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Alan Thicke, iconic TV dad, dead at 69

Last Updated Dec 14, 2016 12:05 AM EST

Canadian actor and iconic television dad Alan Thicke, best known for his role as the father in the sitcom “Growing Pains,” has died, his publicist confirms to CBS News. Thicke was 69.

Carleen Donovan, who is a publicist for Thicke’s son, singer Robin Thicke, said the actor died from a heart attack on Tuesday in Los Angeles. She had no further details.

Alan Thicke starred as Dr. Jason Seaver in the ABC series “Growing Pains,” which aired from 1985 until 1992. The Canadian-born actor had a prolific career, including cameos in recent years on the comedy “How I Met Your Mother” and the Netflix series “Fuller House.” He was also a frequent pitchman for ads on Sirius. 

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Alan Thicke (L) and Robin Thicke attend the "Festival After Dark" With Special Performance By Robin Thicke at Sugar Park City during the Sundance Film Festival on January 21, 2012 in Park City, Utah. 

Dimitrios Kambouris, Getty Images

Robin Thicke told the Los Angeles Times his father was “the greatest man I ever met” and “always a gentleman.”

“I saw him a few days ago and told him how much I loved and respected him,” Robin Thicke told the Los Angeles Times. 

Thicke’s youngest son, Carter, tweeted that he lost his “best friend and my idol.”

His manager, Larry Thompson, said in a statement to CBS News that “Over 35 years I signed Alan Thicke for management 5 times. He fired me 5 times. He always said I was the Billy Martin of his life.”

Brad Schwartz, the president Pop TV, which aired Thicke’s show “Unusually Thicke,” said in a statement “we are deeply saddened.”

“He was a part of our Pop family and was a tremendous talent,” Schwartz said. “He was also for all who knew him, an amazing father and a true gentleman. We had the privilege to work with America’s Favorite Dad and his loss is one that is deeply felt.”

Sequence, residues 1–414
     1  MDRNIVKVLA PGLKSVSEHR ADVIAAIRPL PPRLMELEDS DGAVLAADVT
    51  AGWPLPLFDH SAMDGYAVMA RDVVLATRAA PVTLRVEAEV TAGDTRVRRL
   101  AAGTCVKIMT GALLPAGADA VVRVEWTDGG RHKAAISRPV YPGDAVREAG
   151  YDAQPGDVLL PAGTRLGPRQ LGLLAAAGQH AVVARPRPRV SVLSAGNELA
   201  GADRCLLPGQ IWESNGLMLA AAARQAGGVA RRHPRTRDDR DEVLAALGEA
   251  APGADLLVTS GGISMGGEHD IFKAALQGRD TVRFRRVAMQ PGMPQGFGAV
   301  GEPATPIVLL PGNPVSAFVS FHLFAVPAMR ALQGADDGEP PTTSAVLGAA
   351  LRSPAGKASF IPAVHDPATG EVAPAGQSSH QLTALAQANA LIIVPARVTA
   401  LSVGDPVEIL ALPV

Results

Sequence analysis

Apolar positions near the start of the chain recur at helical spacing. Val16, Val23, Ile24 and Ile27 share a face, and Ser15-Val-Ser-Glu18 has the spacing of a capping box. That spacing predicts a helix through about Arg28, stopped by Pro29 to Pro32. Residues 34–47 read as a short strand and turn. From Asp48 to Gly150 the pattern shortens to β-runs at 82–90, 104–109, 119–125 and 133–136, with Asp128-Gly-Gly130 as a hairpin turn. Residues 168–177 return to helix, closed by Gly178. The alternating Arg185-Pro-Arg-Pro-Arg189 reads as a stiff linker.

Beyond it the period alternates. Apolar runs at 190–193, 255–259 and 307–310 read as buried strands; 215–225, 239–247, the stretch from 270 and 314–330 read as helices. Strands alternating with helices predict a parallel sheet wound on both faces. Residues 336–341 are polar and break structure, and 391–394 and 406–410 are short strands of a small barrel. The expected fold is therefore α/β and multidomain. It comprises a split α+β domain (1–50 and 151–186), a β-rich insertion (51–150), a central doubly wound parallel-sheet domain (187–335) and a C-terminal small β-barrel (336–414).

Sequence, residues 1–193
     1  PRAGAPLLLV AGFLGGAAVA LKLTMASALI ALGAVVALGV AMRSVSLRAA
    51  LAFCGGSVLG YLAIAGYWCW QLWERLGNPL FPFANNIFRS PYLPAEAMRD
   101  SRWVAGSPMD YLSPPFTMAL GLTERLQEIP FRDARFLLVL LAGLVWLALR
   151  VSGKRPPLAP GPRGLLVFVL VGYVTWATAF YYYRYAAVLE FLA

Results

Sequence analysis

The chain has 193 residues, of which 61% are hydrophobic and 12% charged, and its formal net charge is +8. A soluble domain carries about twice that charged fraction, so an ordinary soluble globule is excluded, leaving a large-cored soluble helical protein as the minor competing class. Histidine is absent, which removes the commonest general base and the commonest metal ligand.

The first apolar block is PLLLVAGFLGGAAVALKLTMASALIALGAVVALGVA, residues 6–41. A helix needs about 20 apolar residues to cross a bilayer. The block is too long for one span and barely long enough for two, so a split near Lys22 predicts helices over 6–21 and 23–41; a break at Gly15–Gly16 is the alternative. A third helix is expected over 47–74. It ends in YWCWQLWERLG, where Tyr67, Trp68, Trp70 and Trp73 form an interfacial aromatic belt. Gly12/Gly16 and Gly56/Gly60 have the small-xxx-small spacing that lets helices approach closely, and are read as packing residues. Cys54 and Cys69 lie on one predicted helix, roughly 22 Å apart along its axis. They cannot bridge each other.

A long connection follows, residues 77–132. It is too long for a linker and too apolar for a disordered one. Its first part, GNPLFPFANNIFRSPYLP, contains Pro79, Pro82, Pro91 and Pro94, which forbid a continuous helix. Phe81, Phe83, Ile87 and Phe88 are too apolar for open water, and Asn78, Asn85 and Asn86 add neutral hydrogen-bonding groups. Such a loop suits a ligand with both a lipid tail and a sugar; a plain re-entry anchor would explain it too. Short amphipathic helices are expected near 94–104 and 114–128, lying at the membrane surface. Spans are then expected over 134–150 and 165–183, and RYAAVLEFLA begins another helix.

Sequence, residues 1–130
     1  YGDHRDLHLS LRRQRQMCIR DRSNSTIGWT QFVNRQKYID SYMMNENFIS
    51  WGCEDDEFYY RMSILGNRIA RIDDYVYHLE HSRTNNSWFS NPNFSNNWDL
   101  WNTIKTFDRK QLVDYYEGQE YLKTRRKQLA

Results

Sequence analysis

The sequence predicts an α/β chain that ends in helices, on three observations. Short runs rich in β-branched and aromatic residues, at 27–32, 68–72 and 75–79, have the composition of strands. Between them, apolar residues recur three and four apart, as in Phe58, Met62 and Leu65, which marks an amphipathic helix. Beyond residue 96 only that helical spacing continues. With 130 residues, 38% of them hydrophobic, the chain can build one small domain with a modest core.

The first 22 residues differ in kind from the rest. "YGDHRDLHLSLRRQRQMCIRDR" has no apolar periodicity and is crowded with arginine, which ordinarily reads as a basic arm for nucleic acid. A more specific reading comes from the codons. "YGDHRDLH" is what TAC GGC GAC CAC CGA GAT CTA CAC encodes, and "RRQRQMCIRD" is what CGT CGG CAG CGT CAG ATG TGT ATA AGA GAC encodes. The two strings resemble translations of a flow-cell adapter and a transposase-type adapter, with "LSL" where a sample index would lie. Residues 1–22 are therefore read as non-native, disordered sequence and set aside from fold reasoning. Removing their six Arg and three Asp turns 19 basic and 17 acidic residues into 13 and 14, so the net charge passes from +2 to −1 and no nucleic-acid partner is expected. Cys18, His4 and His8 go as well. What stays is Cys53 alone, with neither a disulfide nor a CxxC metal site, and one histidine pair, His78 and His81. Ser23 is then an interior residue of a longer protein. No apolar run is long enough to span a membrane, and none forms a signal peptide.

Born in Ontario, Canada, in 1947, Thicke was nominated for three Emmy Awards for his work in the late 1970s as a writer for Barry Manilow’s talk show, and later for a satirical take on the genre in the variety show “America 2-Night.”

He composed several popular theme songs, including the original theme for “The Wheel of Fortune” and other shows including “The Facts of Life” and “Diff’rent Strokes.”

Perhaps his boldest assault on the U.S. market was as a virtual unknown taking on the King of Late Night, Johnny Carson. “Thicke of the Night” was a syndicated talk-music-and-comedy show meant to go head-to-head against NBC’s “The Tonight Show Starring Johnny Carson.”

It premiered in September 1983 with great fanfare, boasting an innovative format and regulars including Richard Belzer, Arsenio Hall, Gilbert Gottfried and Fred Willard. But all too quickly, it was evident that Carson wasn’t going to be dethroned, and the ambitious “Thicke” disappeared into the night after one season. 

In the 1990s and beyond, Thicke stayed busy as a celebrity TV host and with guest shots on dozens of series, including “How I Met Your Mother” and, this year, the Netflix series “Fuller House” and the NBC drama “This Is Us.”

Celebrities who had crossed paths with Thicke, whether through music, acting or simply as friends, expressed their sorrow at news of his death.

“I grew up watching him and got to know him through Robin. He was always so kind to me,” John Legend posted on Twitter.

“You were a part of my family and hockey family. You will be greatly missed. My heart hurts,” Candace Cameron Bure tweeted.

“RIP dear friend and gentleman,” posted Marlee Matlin.

Thicke’s fellow Canadians also responded quickly.

William Shatner tweeted that he was saddened by his friend’s loss, and singer Anne Murray’s Twitter post said she was “shocked and devastated,” recalling him as a friend as well as a writer and producer of many of her TV specials.

The Edmonton Oilers also weighed in.

“RIP to one of the great ones, Alan Thicke,” was posted on the hockey team’s website, with a photo of a young Thicke and Wayne Gretzky on the ice.

Like any good Canadian, Thicke was a hockey fan, frequently attending LA Kings games. He took credit for introducing the sport to celebrity friends.

He began playing at age 5, but acknowledged he wasn’t very good at it.

“You were expected to play,” he said in 1998. “I was never good enough for the big time, but I always had fun at it.”

In 2003, Thicke received 30 stitches and lost five teeth after he was struck by a puck while practicing for a celebrity fundraising hockey game. “I won’t be playing any leading men roles in the next couple of months,” he joked after the accident.

He had the satisfaction of seeing his musical skills passed down to son Robin, a successful singer-songwriter and producer who, with brother Brennan, was born to Thicke and the first of his three wives, Gloria Loring.

In an email, Loring described Thicke’s passing as “a shock. We were all just together for Thanksgiving. He was funny, talented and deeply devoted to his family.”

The celebrity website TMZ first reported the death.

He’s survived by his three sons, including singer Robin, Brennan, and Carter, as well as his wife Tanya.

As news of his death spread, celebrities, including those who have worked with Thicke, paid tribute on social media